In my last post about displays, I included a picture of a rather bare display board which will be used for completed Reading Challenge Homework. This is a quick post explaining what that will involve.
We want our students to read: regularly, widely and ideally for pleasure. With this in mind, our KS3 students will be set one main homework task throughout the year – to read for twenty minutes every day. We will be supporting this by guiding students about which books to read and by talking to them about their reading. I think it’s also important that we communicate with parents the expectation that their children read at home and we’ll give some guidance about having discussions about what they’re reading.
But, as the title of this post and my empty display board will attest, students will also be set reading challenges. I have created a grid with a range of tasks that students can choose from. I’ve tried to include a variety of creative tasks that will encourage students to engage with their chosen text. The minimum requirement is that they complete one per half term but if they decide to complete more that would be fantastic.
Any feedback or suggestions for reading challenges would be gratefully received. I’ve never tried this before but I’m hopeful that the range of tasks on offer will give everybody the opportunity to do something they really enjoy and can engage with. If nothing else, I’m hopeful that completed challenge homework will spark discussions about different texts to read (I’ve a space on top of the bookshelves ready for cereal box book reports).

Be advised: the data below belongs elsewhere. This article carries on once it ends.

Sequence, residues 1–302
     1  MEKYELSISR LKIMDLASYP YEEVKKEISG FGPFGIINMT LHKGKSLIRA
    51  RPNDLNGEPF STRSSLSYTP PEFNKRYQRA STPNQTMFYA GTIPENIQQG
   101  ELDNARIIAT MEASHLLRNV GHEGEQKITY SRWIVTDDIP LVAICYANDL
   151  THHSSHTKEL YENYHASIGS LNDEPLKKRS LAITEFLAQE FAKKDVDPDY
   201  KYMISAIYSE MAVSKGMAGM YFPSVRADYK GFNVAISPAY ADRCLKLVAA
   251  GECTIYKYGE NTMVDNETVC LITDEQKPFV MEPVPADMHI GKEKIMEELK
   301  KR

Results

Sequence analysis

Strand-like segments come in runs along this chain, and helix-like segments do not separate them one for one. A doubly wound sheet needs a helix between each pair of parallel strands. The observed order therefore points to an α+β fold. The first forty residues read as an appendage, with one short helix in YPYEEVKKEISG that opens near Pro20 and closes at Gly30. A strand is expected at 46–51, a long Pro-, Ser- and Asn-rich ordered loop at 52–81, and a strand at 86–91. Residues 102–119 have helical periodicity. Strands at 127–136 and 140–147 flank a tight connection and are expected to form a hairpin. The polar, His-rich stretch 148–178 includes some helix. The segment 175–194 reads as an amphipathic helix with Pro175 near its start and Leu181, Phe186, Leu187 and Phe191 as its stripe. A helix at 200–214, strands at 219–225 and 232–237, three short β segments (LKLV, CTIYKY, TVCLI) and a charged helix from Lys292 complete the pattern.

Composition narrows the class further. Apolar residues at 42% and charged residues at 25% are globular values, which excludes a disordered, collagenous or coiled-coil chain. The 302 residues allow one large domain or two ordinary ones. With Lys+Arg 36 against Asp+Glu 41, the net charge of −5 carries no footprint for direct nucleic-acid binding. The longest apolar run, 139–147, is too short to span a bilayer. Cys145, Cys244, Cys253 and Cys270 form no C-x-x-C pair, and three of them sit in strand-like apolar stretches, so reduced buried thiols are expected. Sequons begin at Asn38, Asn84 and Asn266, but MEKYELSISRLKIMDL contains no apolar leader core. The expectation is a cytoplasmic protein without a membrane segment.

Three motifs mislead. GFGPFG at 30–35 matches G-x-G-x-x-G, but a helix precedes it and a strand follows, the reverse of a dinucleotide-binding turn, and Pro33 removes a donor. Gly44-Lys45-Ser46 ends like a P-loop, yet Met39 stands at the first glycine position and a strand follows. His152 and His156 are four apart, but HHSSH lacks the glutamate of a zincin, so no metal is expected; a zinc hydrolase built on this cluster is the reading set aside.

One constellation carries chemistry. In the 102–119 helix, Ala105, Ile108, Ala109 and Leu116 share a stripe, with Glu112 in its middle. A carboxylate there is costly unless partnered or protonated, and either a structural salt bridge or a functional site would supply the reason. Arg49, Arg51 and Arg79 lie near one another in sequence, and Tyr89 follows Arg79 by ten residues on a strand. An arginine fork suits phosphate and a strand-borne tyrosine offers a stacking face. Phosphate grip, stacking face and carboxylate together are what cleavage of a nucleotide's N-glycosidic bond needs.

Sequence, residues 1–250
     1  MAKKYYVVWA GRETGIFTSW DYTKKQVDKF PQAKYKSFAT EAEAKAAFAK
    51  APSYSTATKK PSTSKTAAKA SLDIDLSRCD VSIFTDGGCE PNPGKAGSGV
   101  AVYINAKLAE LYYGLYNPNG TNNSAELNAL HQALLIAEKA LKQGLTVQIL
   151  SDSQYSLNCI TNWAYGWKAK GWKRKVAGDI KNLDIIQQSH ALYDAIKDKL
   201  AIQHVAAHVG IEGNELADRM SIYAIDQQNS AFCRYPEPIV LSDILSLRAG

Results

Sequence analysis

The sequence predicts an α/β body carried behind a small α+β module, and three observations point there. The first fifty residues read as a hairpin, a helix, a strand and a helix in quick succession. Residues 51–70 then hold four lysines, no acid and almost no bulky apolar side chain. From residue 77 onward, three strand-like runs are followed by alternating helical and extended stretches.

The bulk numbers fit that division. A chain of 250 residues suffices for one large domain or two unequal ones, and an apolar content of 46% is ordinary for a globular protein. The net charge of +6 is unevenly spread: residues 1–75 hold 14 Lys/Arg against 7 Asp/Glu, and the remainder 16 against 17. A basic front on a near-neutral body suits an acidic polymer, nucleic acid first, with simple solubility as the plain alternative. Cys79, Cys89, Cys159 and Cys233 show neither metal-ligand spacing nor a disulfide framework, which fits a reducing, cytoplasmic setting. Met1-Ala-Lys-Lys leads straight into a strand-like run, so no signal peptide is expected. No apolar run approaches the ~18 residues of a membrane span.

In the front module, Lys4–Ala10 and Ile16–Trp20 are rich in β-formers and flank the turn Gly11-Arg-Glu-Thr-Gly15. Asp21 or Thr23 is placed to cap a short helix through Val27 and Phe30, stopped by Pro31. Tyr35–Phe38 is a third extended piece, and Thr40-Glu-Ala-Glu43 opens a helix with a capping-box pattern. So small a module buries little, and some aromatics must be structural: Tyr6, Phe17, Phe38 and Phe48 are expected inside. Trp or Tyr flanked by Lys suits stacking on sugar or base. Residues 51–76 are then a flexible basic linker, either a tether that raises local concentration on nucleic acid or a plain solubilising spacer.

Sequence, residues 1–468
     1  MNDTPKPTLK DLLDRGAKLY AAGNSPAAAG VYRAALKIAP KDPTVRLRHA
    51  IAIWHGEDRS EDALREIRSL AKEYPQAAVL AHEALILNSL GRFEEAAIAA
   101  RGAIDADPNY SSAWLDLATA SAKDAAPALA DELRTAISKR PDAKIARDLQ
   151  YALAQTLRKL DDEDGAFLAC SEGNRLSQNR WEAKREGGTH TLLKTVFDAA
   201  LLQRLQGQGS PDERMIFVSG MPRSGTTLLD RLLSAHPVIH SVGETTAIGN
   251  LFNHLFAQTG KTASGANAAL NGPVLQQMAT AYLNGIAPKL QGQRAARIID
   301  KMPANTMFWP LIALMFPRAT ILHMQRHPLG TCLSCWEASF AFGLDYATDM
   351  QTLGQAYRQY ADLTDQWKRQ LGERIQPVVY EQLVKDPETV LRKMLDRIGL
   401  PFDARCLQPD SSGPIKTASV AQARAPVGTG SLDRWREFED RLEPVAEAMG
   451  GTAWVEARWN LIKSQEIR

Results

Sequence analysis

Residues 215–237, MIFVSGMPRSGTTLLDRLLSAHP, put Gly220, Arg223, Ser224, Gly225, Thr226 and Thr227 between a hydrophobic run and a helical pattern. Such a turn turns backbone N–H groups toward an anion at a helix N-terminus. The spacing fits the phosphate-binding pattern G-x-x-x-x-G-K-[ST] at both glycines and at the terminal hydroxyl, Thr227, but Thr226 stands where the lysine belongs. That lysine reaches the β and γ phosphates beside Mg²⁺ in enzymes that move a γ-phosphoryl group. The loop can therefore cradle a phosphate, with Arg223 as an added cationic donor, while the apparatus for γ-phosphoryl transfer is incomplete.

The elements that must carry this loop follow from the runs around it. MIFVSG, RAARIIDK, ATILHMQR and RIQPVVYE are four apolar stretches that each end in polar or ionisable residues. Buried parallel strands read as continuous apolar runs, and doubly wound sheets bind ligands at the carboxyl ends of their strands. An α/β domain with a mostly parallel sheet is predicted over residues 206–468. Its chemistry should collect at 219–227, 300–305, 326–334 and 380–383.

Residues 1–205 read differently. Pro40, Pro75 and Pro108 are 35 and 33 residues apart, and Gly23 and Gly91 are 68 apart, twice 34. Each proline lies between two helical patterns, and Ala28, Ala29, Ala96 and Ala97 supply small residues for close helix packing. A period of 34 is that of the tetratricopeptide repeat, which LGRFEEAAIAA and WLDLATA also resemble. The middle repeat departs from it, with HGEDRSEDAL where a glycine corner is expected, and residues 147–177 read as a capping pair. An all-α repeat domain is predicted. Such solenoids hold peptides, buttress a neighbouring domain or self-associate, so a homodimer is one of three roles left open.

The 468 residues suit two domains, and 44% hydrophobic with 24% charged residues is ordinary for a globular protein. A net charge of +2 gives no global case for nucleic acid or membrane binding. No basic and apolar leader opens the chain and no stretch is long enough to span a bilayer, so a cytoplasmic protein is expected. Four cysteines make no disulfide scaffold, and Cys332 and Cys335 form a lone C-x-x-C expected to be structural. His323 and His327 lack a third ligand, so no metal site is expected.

I’m starting full time at a new school in September and I think it’s really important to take ownership of the classroom I’ll be spending a lot of time teaching in. Consequently, I’ve spent a few days in school this summer rearranging the furniture (I love a horseshoe) and putting up my own displays.
My aim was to create displays that will be easy to read; can be referred to and won’t have to be redone at regular intervals. I’ve also got a thing about rainbow colours at the moment it seems…
I first saw something similar to this up in a classroom in my last school and I really like the idea of encouraging students to try working through a problem on their own or by using the resources available to them to problem solve. Of course I want to help my students but I also want to build their resilience and ability to work independently.